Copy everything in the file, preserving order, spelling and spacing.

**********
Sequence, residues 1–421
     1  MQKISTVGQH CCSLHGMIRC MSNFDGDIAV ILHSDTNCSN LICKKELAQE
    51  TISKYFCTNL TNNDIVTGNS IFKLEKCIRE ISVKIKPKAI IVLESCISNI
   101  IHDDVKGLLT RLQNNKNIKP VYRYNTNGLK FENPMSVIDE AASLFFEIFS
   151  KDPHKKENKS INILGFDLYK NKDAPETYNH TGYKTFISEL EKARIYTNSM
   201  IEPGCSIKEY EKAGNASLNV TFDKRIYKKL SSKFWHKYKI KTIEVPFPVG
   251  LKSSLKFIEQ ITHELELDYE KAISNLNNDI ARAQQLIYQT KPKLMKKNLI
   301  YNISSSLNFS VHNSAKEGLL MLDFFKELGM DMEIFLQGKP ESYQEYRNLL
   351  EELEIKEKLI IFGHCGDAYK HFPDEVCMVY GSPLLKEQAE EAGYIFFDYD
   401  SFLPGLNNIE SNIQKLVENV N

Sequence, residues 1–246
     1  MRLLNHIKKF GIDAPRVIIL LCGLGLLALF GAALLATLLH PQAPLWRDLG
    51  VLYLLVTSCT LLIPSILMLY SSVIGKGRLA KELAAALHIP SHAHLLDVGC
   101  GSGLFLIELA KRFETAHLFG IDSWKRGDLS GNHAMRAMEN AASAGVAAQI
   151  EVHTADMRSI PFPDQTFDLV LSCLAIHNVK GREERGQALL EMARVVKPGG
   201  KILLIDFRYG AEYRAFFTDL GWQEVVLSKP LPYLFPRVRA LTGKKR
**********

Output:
Sequence, residues 1–421
     1  MQKISTVGQH CCSLHGMIRC MSNFDGDIAV ILHSDTNCSN LICKKELAQE
    51  TISKYFCTNL TNNDIVTGNS IFKLEKCIRE ISVKIKPKAI IVLESCISNI
   101  IHDDVKGLLT RLQNNKNIKP VYRYNTNGLK FENPMSVIDE AASLFFEIFS
   151  KDPHKKENKS INILGFDLYK NKDAPETYNH TGYKTFISEL EKARIYTNSM
   201  IEPGCSIKEY EKAGNASLNV TFDKRIYKKL SSKFWHKYKI KTIEVPFPVG
   251  LKSSLKFIEQ ITHELELDYE KAISNLNNDI ARAQQLIYQT KPKLMKKNLI
   301  YNISSSLNFS VHNSAKEGLL MLDFFKELGM DMEIFLQGKP ESYQEYRNLL
   351  EELEIKEKLI IFGHCGDAYK HFPDEVCMVY GSPLLKEQAE EAGYIFFDYD
   401  SFLPGLNNIE SNIQKLVENV N

Sequence, residues 1–246
     1  MRLLNHIKKF GIDAPRVIIL LCGLGLLALF GAALLATLLH PQAPLWRDLG
    51  VLYLLVTSCT LLIPSILMLY SSVIGKGRLA KELAAALHIP SHAHLLDVGC
   101  GSGLFLIELA KRFETAHLFG IDSWKRGDLS GNHAMRAMEN AASAGVAAQI
   151  EVHTADMRSI PFPDQTFDLV LSCLAIHNVK GREERGQALL EMARVVKPGG
   201  KILLIDFRYG AEYRAFFTDL GWQEVVLSKP LPYLFPRVRA LTGKKR